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A phase 1 study looking at ATRA with gemcitabine and nab-paclitaxel for people with locally advanced or metastatic pancreatic cancer (STAR_PAC)

Full title: A Phase 1B study repurposing ATRA as stromal targeting agent along with gemcitabine and nab-paclitaxel for pancreatic cancer (STAR_PAC)

Why is this study being carried out?

This phase 1 trial is for people with locally advanced and advanced (or metastatic) pancreatic cancer. Locally advanced pancreatic cancer is cancer that has started growing into organs or blood vessels around the pancreas and can’t be removed with surgery. Advanced cancer is cancer that has spread to other parts of the body. Surgery also is not an option for this type of cancer, but people with locally advanced or advanced pancreatic cancer may be offered chemotherapy to control the cancer.

Researchers think that using a tablet called ATRA (all trans retinoic acid) might help to make chemotherapy work better. The STAR_PAC trial is looking at using ATRA in combination with the chemotherapy drugs nab-paclitaxel (Abraxane®) and gemcitabine (Gemzar®). Researchers want to see if combining nab-paclitaxel and gemcitabine with ATRA can improve the effectiveness of chemotherapy treatment.

STAR_PAC is a two-part trial. Part 1 of the trial is already complete. It looked at the highest and safest dose of combining gemcitabine, nab-paclitaxel and ATRA, without causing too many side effects. Read about the main side effects of gemcitabine and nab-paclitaxel.

Researchers are now recruiting for the second part of the trial. At the start of part 2, each person taking part will get the highest dose that was found in part 1. The researchers will then do a blood test to check vitamin A levels in the bloodstream. The ATRA dose may then be increased or decreased to make sure that everyone is getting the best dose of the treatment.

If you take part in part 2 of this trial you will be given up to six cycles of ATRA and chemotherapy, with each cycle lasting 28 days. For each cycle you will be given gemcitabine and nab-paclitaxel on days, 1, 8 and 15. You will also take ATRA twice a day from days 1 to 15 of each cycle.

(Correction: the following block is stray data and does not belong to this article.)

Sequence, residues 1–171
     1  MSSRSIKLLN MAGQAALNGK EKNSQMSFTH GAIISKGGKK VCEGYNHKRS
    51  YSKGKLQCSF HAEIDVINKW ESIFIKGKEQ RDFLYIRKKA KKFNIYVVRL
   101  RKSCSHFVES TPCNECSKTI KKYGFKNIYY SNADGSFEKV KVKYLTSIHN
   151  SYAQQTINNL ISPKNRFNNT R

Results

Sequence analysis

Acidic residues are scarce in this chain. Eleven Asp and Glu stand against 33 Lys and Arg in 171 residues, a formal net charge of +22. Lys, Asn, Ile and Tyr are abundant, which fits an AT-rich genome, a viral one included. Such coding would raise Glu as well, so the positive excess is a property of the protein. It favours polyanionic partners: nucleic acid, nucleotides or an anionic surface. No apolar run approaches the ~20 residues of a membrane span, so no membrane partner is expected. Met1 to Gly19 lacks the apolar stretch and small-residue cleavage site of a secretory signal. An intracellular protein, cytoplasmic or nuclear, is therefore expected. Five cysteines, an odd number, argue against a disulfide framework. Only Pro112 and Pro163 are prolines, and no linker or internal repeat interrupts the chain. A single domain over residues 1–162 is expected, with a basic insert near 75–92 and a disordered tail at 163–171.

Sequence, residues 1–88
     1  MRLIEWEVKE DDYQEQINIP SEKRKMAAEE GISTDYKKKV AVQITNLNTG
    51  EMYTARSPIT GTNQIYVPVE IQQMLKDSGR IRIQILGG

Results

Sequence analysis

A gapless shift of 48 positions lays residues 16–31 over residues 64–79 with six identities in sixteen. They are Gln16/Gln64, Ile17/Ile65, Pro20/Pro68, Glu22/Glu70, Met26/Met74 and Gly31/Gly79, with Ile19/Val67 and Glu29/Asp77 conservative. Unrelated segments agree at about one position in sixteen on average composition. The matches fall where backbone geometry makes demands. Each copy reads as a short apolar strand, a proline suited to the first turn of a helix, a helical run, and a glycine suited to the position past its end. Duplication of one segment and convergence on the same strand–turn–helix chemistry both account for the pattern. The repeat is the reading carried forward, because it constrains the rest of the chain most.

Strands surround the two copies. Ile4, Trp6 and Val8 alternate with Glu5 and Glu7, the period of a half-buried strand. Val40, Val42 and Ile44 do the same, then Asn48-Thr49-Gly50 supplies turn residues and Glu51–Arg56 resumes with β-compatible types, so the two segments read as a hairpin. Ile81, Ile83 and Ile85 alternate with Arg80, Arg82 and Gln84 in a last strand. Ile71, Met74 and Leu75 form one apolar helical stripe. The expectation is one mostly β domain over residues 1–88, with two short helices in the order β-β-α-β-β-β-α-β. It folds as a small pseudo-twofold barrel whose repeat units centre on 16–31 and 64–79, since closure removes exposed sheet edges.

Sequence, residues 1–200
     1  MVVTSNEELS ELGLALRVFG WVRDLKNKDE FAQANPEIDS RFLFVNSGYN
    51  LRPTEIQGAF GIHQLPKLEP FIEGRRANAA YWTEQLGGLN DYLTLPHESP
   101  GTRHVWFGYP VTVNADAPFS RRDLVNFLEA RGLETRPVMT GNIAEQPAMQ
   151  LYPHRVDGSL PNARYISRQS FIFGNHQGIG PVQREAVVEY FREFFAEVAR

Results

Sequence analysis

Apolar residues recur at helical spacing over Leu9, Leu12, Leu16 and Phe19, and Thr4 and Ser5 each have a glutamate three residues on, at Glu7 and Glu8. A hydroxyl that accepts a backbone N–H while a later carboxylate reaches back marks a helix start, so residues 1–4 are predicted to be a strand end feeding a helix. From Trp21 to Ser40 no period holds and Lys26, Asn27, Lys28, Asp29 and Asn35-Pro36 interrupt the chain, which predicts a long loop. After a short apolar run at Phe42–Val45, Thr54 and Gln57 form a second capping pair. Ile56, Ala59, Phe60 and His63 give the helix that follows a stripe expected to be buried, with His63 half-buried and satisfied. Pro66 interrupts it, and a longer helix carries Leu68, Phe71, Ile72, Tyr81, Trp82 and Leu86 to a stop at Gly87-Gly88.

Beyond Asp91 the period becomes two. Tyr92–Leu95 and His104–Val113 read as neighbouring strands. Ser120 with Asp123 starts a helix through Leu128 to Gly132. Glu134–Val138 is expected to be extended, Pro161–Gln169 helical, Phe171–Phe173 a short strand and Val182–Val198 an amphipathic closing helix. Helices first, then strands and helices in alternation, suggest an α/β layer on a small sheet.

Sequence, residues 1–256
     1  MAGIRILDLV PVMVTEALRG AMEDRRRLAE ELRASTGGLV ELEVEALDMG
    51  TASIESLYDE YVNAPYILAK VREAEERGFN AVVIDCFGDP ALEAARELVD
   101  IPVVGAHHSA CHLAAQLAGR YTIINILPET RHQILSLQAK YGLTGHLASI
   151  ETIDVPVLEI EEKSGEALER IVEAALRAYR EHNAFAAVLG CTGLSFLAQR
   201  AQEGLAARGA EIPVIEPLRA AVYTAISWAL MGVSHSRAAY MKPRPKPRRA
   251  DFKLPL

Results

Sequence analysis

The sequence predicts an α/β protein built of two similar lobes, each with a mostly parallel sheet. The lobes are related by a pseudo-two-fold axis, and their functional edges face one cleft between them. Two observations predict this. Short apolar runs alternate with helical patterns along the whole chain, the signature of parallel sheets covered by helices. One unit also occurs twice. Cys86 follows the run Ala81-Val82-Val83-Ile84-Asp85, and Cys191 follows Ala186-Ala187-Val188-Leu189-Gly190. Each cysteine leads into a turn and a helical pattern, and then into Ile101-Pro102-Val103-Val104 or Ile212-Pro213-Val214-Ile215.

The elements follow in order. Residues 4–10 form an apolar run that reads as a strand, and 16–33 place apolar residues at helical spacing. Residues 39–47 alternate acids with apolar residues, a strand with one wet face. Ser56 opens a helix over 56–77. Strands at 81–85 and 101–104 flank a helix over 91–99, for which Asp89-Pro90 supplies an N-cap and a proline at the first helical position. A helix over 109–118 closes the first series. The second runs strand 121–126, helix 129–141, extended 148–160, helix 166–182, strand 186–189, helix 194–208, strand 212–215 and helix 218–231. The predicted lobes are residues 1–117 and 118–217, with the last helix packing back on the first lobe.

You may also continue taking gemcitabine and nab-paclitaxel after completing the six cycles. The trial team will discuss this with you.

Who is the trial suitable for?

The STAR_PAC trial may be suitable for you if you have:

  • locally advanced or advanced (metastatic) pancreatic cancer
  • a type of cancer called pancreatic ductal adenocarcinoma (PDAC) – this is the most common type of pancreatic cancer
  • had no previous treatment for locally advanced or advanced pancreatic cancer - apart from chemotherapy if you ended it at least six months before starting the trial
  • are well enough to do normal daily activities – the trial team will discuss this with you.

It may not be suitable for you if you:

  • have had major surgery in the four weeks before starting the trial
  • are not fit enough to take part in the trial – the trial centre can talk to you about this
  • have had other cancers in the last five years– this does not include some forms of skin cancer or cancer that was cured and has not come back in the last five years
  • have a history of allergies (including soya bean or peanut allergies), lung disease or tissue disorders such as lupus and scleroderma
  • have HIV or a hepatitis B or C infection
  • have a history of heart disease
  • have had any vaccinations within four weeks before starting this trial
  • have participated in another trial or drug treatment up to 30 days before starting this trial.

Recruitment start date for part 2 of the trial: May 2017

Recruitment end date for part 2 of the trial: March 2018

Information Standard

Published in August 2017

Review date: March 2018

  • Part 2 of the STAR_PAC trial is being carried out at:

    • St Bartholomew's Hospital, London
    • Addenbrooke’s Hospital, Cambridge

    Trial leads

    Trial Chairman: Prof Hemant Kocher, St Bartholomew’s Hospital

    Chief Investigator: Dr David Propper, St Bartholomew’s Hospital

    Contact information

    You can contact the trial co-ordinating centre at Queen Mary University of London Hospital.

    Email: bci-starpac@qmul.ac.uk



  • How to join a trial

    Please speak to your consultant about whether this trial is suitable for you.

    If you have any questions about pancreatic cancer you can speak to one of our specialist nurses on our Support Line.

    How to find out more

    Find out more about the STAR_PAC trial. 

    For references used to develop this information please email us.